2. The PAN coordinator of claim 1, further comprising a transceiver configured to communicate with the device, wherein: the command indicates a job that is to be performed by the device; the transceiver receives the message from the device; and the transceiver transmits to the device an indication of whether the command is pending in the queue.

3. The PAN coordinator of claim 1, wherein: the wireless PAN is a first network, and the PAN coordinator forms a root of the first network, stores information about the first network, cannot send or receive data in the sleep state, and acts as a bridge to a second network.

4. The PAN coordinator of claim 1, wherein the message is a polling message, and wherein after transitioning the PAN coordinator from the sleep state to the active state: the wireless PAN is available to the one or more devices; and the processor receives the polling message from the device.

5. The PAN coordinator of claim 1, wherein: the PAN coordinator further comprises an event handler; and after transitioning the PAN coordinator from the sleep state to the active state, the event handler receives the message from the processor and determines whether the command is pending in the queue.

6. The PAN coordinator of claim 1, wherein the first condition comprises the PAN coordinator being idle for a period of time or the first condition comprises the PAN coordinator receiving a user input requesting the PAN coordinator to enter the sleep state.

7. The PAN coordinator of claim 1, wherein the first condition comprises the command not pending in the queue.

8. The PAN coordinator of claim 1, wherein the user activation of the PAN coordinator comprises receiving a user input requesting the PAN coordinator to enter the active state.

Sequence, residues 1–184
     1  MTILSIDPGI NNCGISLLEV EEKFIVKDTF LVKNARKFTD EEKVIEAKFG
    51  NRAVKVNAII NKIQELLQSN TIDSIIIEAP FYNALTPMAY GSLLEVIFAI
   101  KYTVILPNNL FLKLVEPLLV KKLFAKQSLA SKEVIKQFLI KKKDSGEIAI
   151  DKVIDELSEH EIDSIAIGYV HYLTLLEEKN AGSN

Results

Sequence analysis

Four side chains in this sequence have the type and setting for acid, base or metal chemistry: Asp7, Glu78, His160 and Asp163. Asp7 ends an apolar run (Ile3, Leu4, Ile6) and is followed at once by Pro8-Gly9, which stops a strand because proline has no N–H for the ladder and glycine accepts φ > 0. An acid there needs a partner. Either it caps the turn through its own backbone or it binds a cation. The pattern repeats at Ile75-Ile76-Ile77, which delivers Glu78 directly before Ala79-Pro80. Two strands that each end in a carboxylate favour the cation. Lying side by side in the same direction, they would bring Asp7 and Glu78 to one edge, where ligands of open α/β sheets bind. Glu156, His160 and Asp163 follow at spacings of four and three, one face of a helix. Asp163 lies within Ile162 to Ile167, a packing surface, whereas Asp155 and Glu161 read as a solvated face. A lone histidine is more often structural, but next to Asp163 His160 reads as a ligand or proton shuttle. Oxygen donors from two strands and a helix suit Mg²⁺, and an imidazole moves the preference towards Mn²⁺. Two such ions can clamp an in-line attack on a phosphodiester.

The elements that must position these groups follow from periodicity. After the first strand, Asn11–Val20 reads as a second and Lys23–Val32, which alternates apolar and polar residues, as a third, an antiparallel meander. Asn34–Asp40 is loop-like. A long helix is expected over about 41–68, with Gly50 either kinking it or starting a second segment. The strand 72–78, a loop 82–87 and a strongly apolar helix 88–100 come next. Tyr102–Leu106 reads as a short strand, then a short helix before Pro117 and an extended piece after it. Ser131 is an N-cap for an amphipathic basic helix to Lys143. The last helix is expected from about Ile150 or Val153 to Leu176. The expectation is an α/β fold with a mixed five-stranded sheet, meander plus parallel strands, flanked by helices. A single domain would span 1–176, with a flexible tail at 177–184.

9. The PAN coordinator of claim 1, wherein: the second condition comprises the command pending in the queue; and the command indicates a job that is to be performed by the device.

10. The PAN coordinator of claim 1, wherein: the PAN coordinator further comprises a transceiver that is powered off in the sleep state, and the PAN coordinator cannot send or receive data in the sleep state.

11. A method comprising: forming a wireless personal area network (PAN) between a PAN coordinator and a device; transitioning the PAN coordinator from an active state to a sleep state subsequent to a first condition being met; determining whether a second condition has been met to wake up the PAN coordinator; transitioning the PAN coordinator from the sleep state to the active state based on determining that the second condition has been met, wherein the second condition comprises at least one of a user activation of the PAN coordinator and a command pending for the device in the PAN coordinator; and after transitioning the PAN coordinator from the sleep state to the active state, awaiting receipt of a message from the device wherein the message polls the PAN coordinator to determine whether the command is pending in the PAN coordinator.

12. The method of claim 11, wherein the PAN coordinator comprises a transceiver configured to communicate with the device, and wherein the transceiver is powered-off when the PAN coordinator is in the sleep state.

13. The method of claim 12, wherein the PAN coordinator cannot send or receive data in the sleep state.

14. The method of claim 11, wherein: the wireless PAN is a first network, the PAN coordinator forms a root of the first network, stores information about the first network, stores multiple commands in a queue, and acts as a bridge to a second network, and the method further comprises enabling the first network subsequent to the PAN coordinator transitioning from the sleep state to the active state.

15. The method of claim 11, wherein the first condition comprises the PAN coordinator being idle for a period of time.

16. The method of claim 11, wherein the first condition comprises receiving a user input requesting the PAN coordinator to enter the sleep state.

17. The method of claim 11, wherein the first condition comprises the command not pending in a queue of the PAN coordinator.